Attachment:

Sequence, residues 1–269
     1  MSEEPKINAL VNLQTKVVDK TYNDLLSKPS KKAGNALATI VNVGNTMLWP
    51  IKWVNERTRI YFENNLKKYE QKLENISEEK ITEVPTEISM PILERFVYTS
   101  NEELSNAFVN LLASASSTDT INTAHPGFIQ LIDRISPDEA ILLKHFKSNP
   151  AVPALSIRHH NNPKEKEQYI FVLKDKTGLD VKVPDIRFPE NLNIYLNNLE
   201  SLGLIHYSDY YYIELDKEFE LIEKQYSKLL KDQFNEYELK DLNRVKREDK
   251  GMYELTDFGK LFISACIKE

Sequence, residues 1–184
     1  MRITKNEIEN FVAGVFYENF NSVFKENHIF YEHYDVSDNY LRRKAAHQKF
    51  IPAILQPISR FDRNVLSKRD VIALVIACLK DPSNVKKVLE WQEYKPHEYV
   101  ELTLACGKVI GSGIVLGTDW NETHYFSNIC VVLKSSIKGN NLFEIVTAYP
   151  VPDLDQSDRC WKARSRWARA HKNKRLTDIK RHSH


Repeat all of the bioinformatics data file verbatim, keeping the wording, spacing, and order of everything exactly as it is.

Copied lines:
Sequence, residues 1–269
     1  MSEEPKINAL VNLQTKVVDK TYNDLLSKPS KKAGNALATI VNVGNTMLWP
    51  IKWVNERTRI YFENNLKKYE QKLENISEEK ITEVPTEISM PILERFVYTS
   101  NEELSNAFVN LLASASSTDT INTAHPGFIQ LIDRISPDEA ILLKHFKSNP
   151  AVPALSIRHH NNPKEKEQYI FVLKDKTGLD VKVPDIRFPE NLNIYLNNLE
   201  SLGLIHYSDY YYIELDKEFE LIEKQYSKLL KDQFNEYELK DLNRVKREDK
   251  GMYELTDFGK LFISACIKE

Sequence, residues 1–184
     1  MRITKNEIEN FVAGVFYENF NSVFKENHIF YEHYDVSDNY LRRKAAHQKF
    51  IPAILQPISR FDRNVLSKRD VIALVIACLK DPSNVKKVLE WQEYKPHEYV
   101  ELTLACGKVI GSGIVLGTDW NETHYFSNIC VVLKSSIKGN NLFEIVTAYP
   151  VPDLDQSDRC WKARSRWARA HKNKRLTDIK RHSH